Comparison with the Palm Pilot
I've been a PDA fan for a long time. I started with a Newton 110,
progressed to a
Palm III, V, Visor Prism, Tungsten T and finally a Clie UX-50.
Obviously, I like Palm OS quite a bit. My biases explained, let's
proceed with the opinions.
7510 Hardware mini-review
The hardware is generally excellent. The screen in particular is
outstanding. Transreflective, supremely readable in all lighting
conditions including direct sunlight. Anti-glare coated,
non-touch-sensitive. (All input is via trackwheel and keyboard). The
backlight is dimmer than I expected, but well tuned to low-light
situations. The keyboard also illuminates and is very usable in the
dark. The unit is well-shaped and sits nicely in the hand. Great
attention has been paid to ergonomics, and it shows. The keyboard is
easy to use, and fairly fast once you've acclimated. The click wheel
takes a bit more force than I'd like, and is awkward if used
left-handed. It's primarily a right-handed device.
It's a bit thick at 1 inch, but I've gotten used to that. Since some
of the additional bulk is a speaker for the speakerphone, it's at least
useful. In other dimensions, it's comparable to older RIM units; quite
reasonable. Marginal for large pants pockets, but outsized for a dress
The default battery is specified to last 75 hours of standby; I get
more like 48. There is
a higher-capacity battery available for $70 that claims 110 hours.
I will probably end up getting one, just because the stock battery is
Hardware - good things
- One feature I really like is the charger/computer connection.
every cell phone maker on the planet, this uses a standard mini-USB
connector to charge and sync! They include two cables in the box. On
the plus side, this means you can leave the charger at home when
traveling, and plug it into your laptop instead. On the minus side, it
means you don't get an older-style cradle where the unit is plugged in
as soon as it docks. Overall, I rate this as a killer feature.
Additionally, the charger they provide has a standard full-size USB A
connector on it, so I can also use it to charge other stuff.
- The USB charge interface has another side effect: When
traveling, you can leave the charger behind and just charge from your
laptop. Since I
use this approach with my iPod and previous cell phone, I find it quite
convenient. The only AC adapter I have to carry is the laptops'. It
charges at half as fast while on the laptop - the adapter can deliver 1
amp, the laptop only 500mA.
- There's another clever feature I quite like with Blackberries.
holsters all have permanent magnets in them, so the unit can tell when
its holstered. Based on this, it will use a different set of alarms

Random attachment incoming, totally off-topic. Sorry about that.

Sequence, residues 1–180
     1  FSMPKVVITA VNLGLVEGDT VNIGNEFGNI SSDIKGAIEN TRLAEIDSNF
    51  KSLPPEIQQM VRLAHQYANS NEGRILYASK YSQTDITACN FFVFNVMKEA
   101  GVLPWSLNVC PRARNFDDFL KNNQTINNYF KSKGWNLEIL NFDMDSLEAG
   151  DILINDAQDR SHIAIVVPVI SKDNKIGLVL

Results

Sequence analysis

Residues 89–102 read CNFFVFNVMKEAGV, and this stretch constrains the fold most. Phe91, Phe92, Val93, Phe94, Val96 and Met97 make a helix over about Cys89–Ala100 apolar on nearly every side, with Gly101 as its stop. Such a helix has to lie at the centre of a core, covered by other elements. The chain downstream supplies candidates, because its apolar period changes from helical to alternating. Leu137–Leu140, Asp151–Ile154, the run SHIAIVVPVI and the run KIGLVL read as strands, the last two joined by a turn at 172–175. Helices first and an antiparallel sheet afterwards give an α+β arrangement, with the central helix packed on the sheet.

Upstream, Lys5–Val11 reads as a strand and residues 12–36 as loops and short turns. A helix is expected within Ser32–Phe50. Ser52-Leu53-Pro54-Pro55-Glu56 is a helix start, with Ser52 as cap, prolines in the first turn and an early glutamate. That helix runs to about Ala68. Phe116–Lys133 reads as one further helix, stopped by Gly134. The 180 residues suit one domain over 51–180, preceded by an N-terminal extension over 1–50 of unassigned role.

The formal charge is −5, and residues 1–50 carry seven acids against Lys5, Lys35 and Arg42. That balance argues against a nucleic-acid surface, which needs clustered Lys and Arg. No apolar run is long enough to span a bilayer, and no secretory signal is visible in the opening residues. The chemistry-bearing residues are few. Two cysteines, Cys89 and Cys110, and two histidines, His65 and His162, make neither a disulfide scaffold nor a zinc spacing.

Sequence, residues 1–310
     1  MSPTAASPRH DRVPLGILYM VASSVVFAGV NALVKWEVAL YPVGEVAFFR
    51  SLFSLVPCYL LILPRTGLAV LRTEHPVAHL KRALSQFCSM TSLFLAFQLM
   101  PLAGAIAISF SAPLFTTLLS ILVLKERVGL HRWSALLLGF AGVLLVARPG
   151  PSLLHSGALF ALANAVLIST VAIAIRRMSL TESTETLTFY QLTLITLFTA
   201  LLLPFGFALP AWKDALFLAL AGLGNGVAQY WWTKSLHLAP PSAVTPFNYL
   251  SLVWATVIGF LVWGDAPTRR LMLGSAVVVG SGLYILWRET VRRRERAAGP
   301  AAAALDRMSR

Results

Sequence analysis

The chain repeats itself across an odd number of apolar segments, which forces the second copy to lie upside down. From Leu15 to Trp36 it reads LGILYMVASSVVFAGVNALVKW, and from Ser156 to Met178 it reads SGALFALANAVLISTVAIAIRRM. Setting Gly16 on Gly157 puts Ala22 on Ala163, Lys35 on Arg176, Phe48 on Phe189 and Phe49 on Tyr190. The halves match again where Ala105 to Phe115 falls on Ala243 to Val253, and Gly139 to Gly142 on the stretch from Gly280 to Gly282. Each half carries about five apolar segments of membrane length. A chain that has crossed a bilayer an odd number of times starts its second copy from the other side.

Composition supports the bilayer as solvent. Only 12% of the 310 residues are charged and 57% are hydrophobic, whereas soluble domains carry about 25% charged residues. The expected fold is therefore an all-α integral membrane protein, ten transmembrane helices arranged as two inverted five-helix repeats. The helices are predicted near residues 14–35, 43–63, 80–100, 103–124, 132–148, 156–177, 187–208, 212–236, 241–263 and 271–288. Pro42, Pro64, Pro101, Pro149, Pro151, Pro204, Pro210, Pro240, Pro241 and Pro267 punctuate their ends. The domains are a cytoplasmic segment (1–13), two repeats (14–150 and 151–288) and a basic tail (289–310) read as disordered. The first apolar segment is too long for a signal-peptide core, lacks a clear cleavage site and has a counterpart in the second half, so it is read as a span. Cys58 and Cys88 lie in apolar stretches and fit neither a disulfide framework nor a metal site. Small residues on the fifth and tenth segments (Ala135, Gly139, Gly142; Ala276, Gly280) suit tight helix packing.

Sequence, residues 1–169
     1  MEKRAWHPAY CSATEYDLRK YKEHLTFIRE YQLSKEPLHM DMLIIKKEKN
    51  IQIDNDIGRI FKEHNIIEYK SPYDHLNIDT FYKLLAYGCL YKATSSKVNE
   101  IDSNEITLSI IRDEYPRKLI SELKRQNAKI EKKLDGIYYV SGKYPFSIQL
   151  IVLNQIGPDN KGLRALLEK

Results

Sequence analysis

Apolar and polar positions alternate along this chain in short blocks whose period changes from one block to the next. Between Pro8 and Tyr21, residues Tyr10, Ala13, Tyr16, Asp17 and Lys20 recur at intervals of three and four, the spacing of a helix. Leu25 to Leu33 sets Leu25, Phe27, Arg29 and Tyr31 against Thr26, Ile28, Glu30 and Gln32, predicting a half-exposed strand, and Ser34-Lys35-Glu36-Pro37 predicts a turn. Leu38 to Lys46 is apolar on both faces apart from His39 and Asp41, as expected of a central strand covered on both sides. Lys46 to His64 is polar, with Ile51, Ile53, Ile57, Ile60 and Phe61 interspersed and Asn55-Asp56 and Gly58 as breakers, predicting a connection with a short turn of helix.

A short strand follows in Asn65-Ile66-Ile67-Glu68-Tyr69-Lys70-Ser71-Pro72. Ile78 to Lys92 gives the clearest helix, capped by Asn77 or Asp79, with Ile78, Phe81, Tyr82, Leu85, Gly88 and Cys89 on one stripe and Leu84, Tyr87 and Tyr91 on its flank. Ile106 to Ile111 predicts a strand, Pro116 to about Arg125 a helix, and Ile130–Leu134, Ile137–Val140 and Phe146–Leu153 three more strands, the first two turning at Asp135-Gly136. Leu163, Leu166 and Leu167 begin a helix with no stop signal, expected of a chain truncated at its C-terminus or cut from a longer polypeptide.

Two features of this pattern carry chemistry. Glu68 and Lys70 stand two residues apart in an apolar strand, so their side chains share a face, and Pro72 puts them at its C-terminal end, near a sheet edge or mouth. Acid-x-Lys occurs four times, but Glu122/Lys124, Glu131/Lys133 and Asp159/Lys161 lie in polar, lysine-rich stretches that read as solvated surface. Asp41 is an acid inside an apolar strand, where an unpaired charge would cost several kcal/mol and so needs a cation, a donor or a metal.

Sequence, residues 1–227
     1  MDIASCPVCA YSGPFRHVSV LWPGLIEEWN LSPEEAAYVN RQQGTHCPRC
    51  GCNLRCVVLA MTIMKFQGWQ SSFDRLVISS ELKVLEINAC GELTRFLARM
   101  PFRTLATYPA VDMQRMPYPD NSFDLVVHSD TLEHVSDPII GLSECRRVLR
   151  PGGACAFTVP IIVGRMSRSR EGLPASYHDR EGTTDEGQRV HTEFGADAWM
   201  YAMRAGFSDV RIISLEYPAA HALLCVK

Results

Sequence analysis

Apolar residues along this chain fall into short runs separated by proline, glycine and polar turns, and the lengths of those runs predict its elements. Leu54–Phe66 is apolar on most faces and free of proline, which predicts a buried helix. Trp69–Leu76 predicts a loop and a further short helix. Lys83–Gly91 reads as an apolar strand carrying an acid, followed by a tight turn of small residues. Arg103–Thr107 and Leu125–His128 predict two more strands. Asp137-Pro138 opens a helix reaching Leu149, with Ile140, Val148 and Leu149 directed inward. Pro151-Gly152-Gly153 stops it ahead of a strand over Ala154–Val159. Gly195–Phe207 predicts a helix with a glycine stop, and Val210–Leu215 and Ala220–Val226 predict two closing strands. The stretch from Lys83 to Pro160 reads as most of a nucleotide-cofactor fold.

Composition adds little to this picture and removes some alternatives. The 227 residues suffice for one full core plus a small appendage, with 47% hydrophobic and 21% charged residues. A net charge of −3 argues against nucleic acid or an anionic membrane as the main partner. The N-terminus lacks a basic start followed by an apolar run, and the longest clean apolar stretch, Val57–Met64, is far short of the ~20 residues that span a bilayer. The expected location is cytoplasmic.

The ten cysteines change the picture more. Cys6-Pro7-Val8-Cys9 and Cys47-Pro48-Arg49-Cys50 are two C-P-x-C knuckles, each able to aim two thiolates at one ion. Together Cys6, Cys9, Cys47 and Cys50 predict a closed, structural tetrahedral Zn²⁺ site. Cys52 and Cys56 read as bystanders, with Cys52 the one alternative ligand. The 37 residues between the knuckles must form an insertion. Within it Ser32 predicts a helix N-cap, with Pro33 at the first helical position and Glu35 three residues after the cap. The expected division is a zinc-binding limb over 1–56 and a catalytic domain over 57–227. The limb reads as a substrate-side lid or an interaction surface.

(e.g. silent ring when holstered), auto-lock the unit if requested, and
turn off the display. Brilliantly simple, and I wish other makers
would copy or license the idea.
Hardware drawbacks and annoyances
- I wish that RIM would copy the dedicated applications buttons
are a fast way to get to the most-used applications and would help
- For some reason (Motorola, probably, who makes the iDEN cell
all Nextel phones have
extensible antennas. Even this blackberry, which makes it notably more
ungainly than its sleeker siblings. The antenna simply unscrews for
replacement, which is good because its probably easy to break. Lever
arms and all.
- In a feat of irony, the button for the backlight is not backlit.
is also flush with the surface,
and therefore quite hard to find. Since the backlight timer is
hardwired, this is often an
- No Bluetooth, and I miss it much. Found on the 7100t, so maybe
has seen the light.
- No camera, which is a bummer.
- I like the timed keyboard lock on my T68i, and miss it here. You
set it to lock when holstered, which is a half-way substitute.
- Ya know, I'm not looking for MP3 pop-tunes ringtones, but
single-voice FM? Cheesy and lame.
- Expansion slot. There isn't one, so the lack of MP3 playback is
of an issue since there's no where to store them.
New hardware from Nextel: Blackberry 7520
One and a half lousy
months after I got my 7510, Nextel discontinued it and introduced the
replacement 7520. As you can see from the
RIM specification page, it fixes several of my complaints.
Unfortunately, they wanted at least $200 to upgrade, so I'll keep the
7510 for the near future. Given the long list of improvements, its
worth getting the 7520 over the 7510 if you can.
- Brighter screen
- Double the memory (32 vs 16MB)
- Bluetooth (handsets only, alas.)
- Black instead of blue. OK, I don't really care about that part.
- GPS functionality
- Better ringtones. (Not sure about this, saw it on the BB forums)
I went ahead and got the extended life battery. I
can now go 2 days reliably, which is nice. Very little added bulk; the
newer back actually makes it slightly easier to get out the holster. I
don't know if the 7510 battery will work in the 7520.